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The year of the Bertuzzi incident, the Province newspaper had Naslund hoisting the Stanley Cup at the start of the year.

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Isn't the Pearson technically a "major award"?

My thoughts exactly, but all the same I'd love to see Hank's trophy rack get stacked with a hart, an art ross and most importantly a stanly cup!

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I thought the Jack Adams ( Pat Quinn & AV) and Rookie of the Year ( Bure )were major awards .... and of course the Lester Pearson too (NazzY)

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Isn't the Pearson technically a "major award"?

Sorry, 'Schneider's Teeth', I guess I should have qualified that statement a little better. But realistically, there are a few pieces of hardware that would seem more coveted by the players in the NHL. I would say that the Hart Trophy, Art Ross Trophy, Vezina, Norris and the Conn Smythe (outside of Lord Stanley's holy grail) are of most interest to them, thereby giving them "major" status. A lot of hockey pundits can tell you who won the Hart Trophy three years ago, but are hard-pressed to tell you who won the Lester B. Pearson, or say, the Lady Byng trophy. Again, I appologize for not 'setting the table' a little better. Thanks for reading, and I love getting down and technical with avid hockey fans, so keep the comments coming!

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I thought the Jack Adams ( Pat Quinn & AV) and Rookie of the Year ( Bure )were major awards .... and of course the Lester Pearson too (NazzY)

Hey NazzY;

Please refer to my comments to Schneider's Teeth... the Jack Adams (best coach) and the Calder (rookie of the year) are indeed major awards, but unfortunately the Calder trophy comes with a caveat, as a good number of players that have won that award have tailed off after (winning) that. There are a few examples I could give here, but I think of the Sergei Samsonov's of the league, that were unable to keep up that level of play. Bure did go on to play excellent hockey until his knee problems prohibited him from maintaining his torrid goal-scoring pace. Even our own Andrew Raycroft was unable to maintain the dizzying heights he had reached as a rookie. He's not alone, as last season Steve Mason almost single-handedly propelled the Blue Jackets into the playoffs, but hit the 'sophomore jinx' as it were. Barret Jackman also received the honor, but in my mind, couldn't maintain that elevated level of play. Thanks for reading, and I appreciate your feedback, so keep it coming, Canuck Fan!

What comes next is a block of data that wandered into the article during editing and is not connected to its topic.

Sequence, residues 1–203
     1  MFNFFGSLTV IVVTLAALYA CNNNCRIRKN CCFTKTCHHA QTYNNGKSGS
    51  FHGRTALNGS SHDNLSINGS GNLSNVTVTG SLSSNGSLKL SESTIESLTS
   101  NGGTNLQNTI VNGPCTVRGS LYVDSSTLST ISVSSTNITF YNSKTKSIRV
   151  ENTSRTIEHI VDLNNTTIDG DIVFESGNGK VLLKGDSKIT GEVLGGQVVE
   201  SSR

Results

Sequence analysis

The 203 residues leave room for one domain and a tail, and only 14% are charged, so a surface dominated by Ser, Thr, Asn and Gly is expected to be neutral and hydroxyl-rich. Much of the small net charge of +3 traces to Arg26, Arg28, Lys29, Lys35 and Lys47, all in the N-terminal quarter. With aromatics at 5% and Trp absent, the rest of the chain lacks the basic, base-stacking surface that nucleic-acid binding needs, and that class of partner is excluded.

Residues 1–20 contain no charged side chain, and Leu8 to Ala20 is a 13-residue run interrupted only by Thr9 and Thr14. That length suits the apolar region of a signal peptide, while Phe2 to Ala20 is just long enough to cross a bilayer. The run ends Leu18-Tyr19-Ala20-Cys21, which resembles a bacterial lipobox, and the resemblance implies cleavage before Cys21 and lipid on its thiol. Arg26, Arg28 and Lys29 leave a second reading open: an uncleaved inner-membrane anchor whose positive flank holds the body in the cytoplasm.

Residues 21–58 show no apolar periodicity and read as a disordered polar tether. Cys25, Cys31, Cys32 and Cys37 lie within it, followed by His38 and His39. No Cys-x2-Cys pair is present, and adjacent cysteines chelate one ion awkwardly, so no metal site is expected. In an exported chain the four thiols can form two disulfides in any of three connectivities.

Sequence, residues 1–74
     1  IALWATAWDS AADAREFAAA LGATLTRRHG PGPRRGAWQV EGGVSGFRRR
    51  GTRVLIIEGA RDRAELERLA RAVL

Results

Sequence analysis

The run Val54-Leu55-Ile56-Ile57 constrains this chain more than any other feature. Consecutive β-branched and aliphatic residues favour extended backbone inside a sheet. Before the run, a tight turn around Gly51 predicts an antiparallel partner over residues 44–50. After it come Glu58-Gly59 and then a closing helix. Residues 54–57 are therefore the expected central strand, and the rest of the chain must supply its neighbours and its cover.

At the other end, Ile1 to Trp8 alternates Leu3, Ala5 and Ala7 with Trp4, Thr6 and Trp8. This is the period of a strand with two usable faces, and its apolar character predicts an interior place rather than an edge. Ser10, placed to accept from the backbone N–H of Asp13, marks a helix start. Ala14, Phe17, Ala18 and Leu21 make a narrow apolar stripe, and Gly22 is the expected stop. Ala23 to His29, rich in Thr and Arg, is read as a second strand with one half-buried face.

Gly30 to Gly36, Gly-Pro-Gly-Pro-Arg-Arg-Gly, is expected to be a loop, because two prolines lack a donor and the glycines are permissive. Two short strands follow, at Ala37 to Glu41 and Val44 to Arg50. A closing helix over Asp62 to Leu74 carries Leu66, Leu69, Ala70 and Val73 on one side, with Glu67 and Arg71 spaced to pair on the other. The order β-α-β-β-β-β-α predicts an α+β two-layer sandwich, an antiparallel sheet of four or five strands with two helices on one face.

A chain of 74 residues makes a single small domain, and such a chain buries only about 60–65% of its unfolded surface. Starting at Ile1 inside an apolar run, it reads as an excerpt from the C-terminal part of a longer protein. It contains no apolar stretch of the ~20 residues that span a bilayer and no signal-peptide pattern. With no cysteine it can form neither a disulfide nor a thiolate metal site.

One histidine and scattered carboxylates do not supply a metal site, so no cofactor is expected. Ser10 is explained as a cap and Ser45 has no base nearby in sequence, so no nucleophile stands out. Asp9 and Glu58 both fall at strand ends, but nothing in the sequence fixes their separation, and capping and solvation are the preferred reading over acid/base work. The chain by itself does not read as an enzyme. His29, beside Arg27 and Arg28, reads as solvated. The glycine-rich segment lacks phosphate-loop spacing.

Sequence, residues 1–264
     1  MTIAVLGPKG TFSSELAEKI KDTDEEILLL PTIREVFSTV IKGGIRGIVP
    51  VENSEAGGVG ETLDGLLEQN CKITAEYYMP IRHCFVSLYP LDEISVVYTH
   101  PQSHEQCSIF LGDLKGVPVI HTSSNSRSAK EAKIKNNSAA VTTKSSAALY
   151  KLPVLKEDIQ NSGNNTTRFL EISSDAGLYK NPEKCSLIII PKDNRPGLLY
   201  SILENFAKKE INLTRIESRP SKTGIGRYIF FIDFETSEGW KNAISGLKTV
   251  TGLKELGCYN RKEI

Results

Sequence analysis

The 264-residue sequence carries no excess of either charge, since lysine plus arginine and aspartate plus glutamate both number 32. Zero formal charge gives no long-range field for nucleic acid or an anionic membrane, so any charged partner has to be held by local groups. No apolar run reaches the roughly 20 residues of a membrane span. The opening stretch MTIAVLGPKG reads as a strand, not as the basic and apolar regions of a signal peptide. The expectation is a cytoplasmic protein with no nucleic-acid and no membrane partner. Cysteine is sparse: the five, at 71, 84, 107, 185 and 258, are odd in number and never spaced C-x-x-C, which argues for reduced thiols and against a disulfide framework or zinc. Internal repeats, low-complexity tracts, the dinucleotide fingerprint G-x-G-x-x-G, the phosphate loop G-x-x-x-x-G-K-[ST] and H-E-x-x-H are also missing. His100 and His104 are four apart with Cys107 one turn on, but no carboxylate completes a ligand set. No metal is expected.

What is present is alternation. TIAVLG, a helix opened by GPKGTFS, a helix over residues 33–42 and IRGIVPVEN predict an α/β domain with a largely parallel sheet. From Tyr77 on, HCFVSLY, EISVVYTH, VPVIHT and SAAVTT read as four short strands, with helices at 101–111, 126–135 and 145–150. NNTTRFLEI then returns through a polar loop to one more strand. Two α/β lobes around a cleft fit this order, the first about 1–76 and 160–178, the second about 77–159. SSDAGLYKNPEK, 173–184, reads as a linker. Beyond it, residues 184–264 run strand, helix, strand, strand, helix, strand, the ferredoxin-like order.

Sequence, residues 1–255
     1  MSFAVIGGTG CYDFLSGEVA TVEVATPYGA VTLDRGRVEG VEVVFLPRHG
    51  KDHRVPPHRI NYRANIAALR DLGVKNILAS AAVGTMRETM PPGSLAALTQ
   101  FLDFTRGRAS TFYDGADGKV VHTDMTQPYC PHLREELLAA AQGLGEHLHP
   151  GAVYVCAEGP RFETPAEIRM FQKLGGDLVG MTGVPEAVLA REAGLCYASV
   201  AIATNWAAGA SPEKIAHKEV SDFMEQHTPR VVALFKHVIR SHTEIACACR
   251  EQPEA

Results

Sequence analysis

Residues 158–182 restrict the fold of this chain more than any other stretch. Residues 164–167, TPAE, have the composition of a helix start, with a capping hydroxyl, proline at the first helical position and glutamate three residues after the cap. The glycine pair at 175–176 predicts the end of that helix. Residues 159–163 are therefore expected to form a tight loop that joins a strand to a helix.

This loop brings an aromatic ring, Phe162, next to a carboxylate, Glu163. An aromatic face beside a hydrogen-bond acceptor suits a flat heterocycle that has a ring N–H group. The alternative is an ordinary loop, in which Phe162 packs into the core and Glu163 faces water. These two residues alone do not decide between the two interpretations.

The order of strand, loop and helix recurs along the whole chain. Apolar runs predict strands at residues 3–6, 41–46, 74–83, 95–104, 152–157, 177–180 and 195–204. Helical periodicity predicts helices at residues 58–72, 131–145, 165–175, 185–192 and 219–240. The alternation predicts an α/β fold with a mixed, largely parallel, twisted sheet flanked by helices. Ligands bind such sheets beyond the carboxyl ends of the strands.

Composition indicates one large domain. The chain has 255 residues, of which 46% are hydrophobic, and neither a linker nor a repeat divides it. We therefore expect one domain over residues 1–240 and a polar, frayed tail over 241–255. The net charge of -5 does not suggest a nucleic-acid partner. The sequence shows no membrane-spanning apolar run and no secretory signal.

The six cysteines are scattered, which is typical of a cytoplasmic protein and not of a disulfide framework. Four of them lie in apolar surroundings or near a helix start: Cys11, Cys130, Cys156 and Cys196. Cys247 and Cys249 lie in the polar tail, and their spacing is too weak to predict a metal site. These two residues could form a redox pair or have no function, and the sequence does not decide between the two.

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The year of the Bertuzzi incident, the Province newspaper had Naslund hoisting the Stanley Cup at the start of the year.

Heh heh... As soon as I saw the picture, I wondered if there might be some reaction from readers. To be frank, the pictures in the article were inserted by me, but the page header (as I'm a featured writer in the Fanzone) was created by the excellent staff working for Canucks.com

I'm here first and foremost to bring statistical information to life, and to try and accompany that with some words and pictures. Being Canucks fans, it's always going to be in the back of our minds: Not having hoisted the Stanley Cup. I'd be the last person to try and jinx the Canucks or any personal awards candidates such as Henrik Sedin. You'll never hear me use the "S" word in the third period when Luongo has the opposing team blanked on the scoresheet. But if a Canuck is leading a trophy race with half a dozen games to go, you can bet this journalist will be writing about it, come hell or high water. I'm not defending the picture the Province had, but I think looking back on it now it's one of those tongue-in-cheek moments, where someone is trying to either a) generate newspaper sales or B) create some controversy, which always stirs mixed reaction. They say there is no such thing as "bad press", so I guess I should be smiling to see so many responses to my last article. Enjoy the rest of the ride, Whalleykid!